To avoid something like this from happening, computer systems need to be regularly updated and patched to ensure their security against threats. Strong encryption methods for data should be used, and multi-factor authentication will add even another layer of security. This method requires more than just a password to access sensitive data.

3. Failure to Conduct Regular Risk Assessments

Regular risk assessments are important in protecting health information under the HIPAA. With ongoing assessments, healthcare organizations will better understand the weaknesses in their data protection measures. With periodic risk assessments, organizations will detect areas where patient information may be at risk before a breach occurs. For example, an assessment can uncover things like:

  • Outdated security protocols
  • Weak access controls
  • Inadequate encryption methods

Some helpful advice to remember here is that risk assessments should become a routine part of your security protocols. It’s always recommended to run these assessments before issues arise. Every so often, healthcare organizations should update their security measures, use stronger access controls, provide staff training on the best security practices, or even consider using newer technology to strengthen data protection.

4. Improper Disposal of Patient Health Information and Records

The HIPAA also states that healthcare organizations are responsible for ensuring patient health information is disposed of properly to maintain full confidentiality. Patient health information must be unreadable and impossible to reconstruct when the information is no longer needed.

Let’s take a look at a scenario. Imaging a medical clinic is disposing of patient records by just tossing them in the nearby trash can without doing anything further. Anyone in the clinic could go and pick up the trash and look at the information. This breach of proper disposal violates HIPAA and could cause patient harm.

To prevent something like this from happening, it’s highly recommended to use secure medical record disposal methods for paper and electronic records. If a clinic is mostly based on paper records, shredding is a commonly used technique to destroy the records. For electronic records, formatting is a way to destroy the records.

What are the Best Practices to Avoid HIPAA Violations?

No one wants to deal with HIPAA violations. Following the best practices will ensure patient information is protected and compliance standards are being met.


Implementing Robust Security Measures

Protecting patient health information is extremely important, and good security measures are exactly what helps a healthcare organization achieve this goal. Encryption will encode data to prevent unauthorized access, and security access controls will limit who can view and handle sensitive information.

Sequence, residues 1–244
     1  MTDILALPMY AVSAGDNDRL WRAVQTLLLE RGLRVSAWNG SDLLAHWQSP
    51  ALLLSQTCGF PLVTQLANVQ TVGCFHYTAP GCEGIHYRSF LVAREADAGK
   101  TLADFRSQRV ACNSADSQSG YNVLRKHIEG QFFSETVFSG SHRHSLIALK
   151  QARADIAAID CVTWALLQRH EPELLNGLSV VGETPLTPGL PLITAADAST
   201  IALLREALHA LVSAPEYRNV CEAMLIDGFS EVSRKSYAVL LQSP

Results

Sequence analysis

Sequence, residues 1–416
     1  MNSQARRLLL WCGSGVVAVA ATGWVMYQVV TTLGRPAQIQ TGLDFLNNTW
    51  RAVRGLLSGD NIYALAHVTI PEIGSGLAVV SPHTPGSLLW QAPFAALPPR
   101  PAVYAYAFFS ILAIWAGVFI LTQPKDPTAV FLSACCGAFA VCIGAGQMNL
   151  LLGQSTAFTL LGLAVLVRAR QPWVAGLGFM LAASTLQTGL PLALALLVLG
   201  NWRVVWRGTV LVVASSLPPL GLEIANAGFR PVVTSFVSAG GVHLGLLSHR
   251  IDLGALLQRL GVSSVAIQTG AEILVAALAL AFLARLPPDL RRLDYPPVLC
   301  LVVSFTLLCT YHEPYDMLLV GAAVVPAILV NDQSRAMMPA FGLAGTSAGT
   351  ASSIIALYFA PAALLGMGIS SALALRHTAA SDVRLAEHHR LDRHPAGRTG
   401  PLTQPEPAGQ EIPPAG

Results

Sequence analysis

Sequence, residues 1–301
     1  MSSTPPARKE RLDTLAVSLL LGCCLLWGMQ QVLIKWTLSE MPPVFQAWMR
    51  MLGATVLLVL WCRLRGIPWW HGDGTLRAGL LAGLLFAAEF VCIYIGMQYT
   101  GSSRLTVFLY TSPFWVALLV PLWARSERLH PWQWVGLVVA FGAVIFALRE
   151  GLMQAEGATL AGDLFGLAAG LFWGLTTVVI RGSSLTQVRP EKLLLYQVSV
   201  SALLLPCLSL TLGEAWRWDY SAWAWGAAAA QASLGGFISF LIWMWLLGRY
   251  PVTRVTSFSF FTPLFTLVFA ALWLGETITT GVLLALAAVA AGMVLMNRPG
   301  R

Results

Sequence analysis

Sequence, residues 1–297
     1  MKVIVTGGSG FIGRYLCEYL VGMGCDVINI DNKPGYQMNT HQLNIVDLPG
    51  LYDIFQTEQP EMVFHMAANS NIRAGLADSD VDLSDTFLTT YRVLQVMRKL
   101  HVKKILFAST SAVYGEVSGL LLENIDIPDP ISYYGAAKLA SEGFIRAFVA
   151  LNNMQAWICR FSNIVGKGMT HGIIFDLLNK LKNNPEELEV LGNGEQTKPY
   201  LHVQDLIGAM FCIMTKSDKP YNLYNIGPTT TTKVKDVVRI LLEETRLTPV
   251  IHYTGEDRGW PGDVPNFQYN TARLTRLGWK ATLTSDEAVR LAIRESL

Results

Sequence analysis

Some other security measures include secure email using firewalls and intrusion detection, policies for securing mobile devices with access to patient health information, and ongoing monitoring of electronic media and hardware with patient health in formation on it.

Regular Risk Assessments

It’s important to conduct routine risk assessments to prevent potential HIPAA violations. Risk assessments help healthcare organizations get a better idea of vulnerabilities and weaknesses in data protection. Using these risk assessments, they can become proactive in addressing the risks.

Staff Training

All staff that deal with patient health information need to be trained on HIPAA rules. Educating employees about patient privacy, secure data practices, storing paper medical archives, and following the HIPAA guidelines will ensure that healthcare organizations won’t face penalties and fines later down the road. One recommendation here is to make HIPAA training mandatory for new hires. Periodic refresher training sessions, at least once a year, are also helping to reinforce how important compliance is to these procedures.

Taking Steps to Avoid HIPAA Violations with Armstrong

As you can see, understanding and complying with HIPAA rules are important for keeping patients’ health information protected. Following the guidelines set out in the HIPPA will help you avoid violations, fines, and penalties. Robust security measures, comprehensive staff training, and regular risk assessments ensure a healthcare organization will be one step closer to maintaining compliance with HIPAA regulations.

If you run an organization having trouble abiding by the HIPAA guidelines, take proactive steps with Armstrong’s HIPAA-compliant services. At Armstrong Archives, we’re well aware of the HIPAA guidelines, and we’ll make it easy for you to comply with all the required regulations to protect patient data.